Trees provide a wide variety of ecosystem services to society and form the character of the environment and landscape. The analyses of tree populations and their resistance to changing conditions related to climate change typically focus on urban tree communities or forest trees. Similar studies on non-forest trees in the open landscape are largely missing; even the evidence on tree species abundance and distribution is sporadic. The article aims to expand the current evidence by a large-scale study on roadside trees in the Czech Republic. Using an extensive dataset that covers 91.2% of the total tree population along roads in nine NUTS3 regions, we assess the state and observed practices in selecting tree genera for roadside planting and discuss the implications for sustainable tree planning and management. Our survey documented 133,169 tree individuals belonging to 116 species and 40 genera. The results show that 75% of the total roadside plantings along second-class motorways and first-class roads are represented by seven main genera of deciduous trees (Acer, Fraxinus, Tilia, Malus, Betula, Populus, and Quercus), the distribution of which is similar across most Czech regions. New plantings have shifted only a little from the original species distribution. Traditional roadside species are becoming a more popular choice among new plantings, and the effort not to let the invasive trees outgrow into the mature stage is apparent. Most of the original and newly planted species are relatively suitable for emerging risks related to climate change. To achieve more sustainable patterns in roadside tree species composition in the future, especially the susceptibility of some commonly planted roadside tree species to emerging pests and diseases (e.g., Fraxinus excelsior) and to unfavorable site conditions typical for roadside tree stands (Tilia cordata) is of relevance to tree managers. The relative abundance of tree genera was proven to be similar in most studied regions, which makes the recommendations equally relevant for roadside tree managers across the country. Full article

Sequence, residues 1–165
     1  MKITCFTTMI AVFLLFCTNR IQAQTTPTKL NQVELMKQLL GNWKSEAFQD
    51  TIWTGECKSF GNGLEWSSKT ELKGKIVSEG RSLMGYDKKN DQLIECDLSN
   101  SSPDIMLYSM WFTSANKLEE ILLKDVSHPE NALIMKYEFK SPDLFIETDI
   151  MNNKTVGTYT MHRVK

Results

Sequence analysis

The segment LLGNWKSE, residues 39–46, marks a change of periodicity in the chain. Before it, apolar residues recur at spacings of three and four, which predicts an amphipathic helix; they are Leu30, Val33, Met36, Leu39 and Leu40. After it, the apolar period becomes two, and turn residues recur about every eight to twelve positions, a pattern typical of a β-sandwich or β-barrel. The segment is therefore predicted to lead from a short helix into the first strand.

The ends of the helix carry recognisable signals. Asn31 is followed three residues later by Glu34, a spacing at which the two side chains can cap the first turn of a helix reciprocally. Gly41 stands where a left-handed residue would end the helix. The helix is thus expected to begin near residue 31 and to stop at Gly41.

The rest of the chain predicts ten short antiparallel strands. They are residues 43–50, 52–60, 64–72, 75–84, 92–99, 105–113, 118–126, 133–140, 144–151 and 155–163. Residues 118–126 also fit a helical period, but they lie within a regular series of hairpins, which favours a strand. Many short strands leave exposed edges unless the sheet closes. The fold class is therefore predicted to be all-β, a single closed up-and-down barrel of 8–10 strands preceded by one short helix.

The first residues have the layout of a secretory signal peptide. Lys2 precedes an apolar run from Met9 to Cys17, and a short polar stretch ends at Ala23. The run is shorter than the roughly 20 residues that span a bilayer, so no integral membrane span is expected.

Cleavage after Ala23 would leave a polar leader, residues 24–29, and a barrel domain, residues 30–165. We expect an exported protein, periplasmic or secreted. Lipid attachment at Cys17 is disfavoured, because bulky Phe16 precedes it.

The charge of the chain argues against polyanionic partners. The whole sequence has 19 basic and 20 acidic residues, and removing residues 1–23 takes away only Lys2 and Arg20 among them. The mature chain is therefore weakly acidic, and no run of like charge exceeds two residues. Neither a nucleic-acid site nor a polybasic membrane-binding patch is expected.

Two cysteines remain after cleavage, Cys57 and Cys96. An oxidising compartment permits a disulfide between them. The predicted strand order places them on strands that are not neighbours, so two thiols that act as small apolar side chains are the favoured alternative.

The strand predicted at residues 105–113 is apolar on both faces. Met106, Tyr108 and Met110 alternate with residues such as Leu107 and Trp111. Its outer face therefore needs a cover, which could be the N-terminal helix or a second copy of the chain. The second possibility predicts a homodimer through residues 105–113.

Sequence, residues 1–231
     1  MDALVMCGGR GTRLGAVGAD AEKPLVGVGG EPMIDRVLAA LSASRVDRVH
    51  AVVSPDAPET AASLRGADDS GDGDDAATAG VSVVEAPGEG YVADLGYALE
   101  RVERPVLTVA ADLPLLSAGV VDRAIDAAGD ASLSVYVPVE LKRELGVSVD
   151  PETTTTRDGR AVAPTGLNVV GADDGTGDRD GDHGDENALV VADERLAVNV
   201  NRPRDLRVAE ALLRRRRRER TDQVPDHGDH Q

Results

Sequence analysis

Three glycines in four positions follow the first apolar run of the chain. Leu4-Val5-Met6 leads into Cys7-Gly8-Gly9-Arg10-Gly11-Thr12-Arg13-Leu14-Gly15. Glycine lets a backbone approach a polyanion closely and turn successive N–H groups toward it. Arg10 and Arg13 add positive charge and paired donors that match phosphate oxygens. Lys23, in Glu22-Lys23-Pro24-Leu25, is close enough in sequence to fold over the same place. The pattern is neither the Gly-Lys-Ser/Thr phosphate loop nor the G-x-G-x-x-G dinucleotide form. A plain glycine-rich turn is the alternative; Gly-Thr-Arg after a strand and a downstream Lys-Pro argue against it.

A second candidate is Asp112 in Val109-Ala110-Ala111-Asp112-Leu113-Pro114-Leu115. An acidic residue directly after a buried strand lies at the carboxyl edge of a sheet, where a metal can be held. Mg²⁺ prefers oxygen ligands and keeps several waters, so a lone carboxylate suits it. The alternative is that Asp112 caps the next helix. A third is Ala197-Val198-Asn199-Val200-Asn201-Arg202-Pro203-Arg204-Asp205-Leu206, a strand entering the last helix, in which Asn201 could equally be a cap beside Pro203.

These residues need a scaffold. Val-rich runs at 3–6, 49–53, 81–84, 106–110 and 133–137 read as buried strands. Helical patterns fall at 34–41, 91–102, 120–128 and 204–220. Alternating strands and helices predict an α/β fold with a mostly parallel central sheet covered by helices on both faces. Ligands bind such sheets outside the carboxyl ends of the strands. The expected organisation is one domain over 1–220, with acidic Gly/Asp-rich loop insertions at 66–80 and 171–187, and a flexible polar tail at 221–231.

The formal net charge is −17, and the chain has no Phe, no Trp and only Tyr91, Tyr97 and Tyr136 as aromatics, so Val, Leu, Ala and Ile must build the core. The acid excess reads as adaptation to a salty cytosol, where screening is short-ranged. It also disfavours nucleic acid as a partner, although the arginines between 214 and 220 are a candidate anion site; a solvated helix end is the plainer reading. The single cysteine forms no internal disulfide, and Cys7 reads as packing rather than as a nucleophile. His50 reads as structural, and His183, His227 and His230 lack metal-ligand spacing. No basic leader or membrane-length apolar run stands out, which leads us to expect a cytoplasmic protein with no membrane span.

Show Figures

Figure 1

Back to TopTop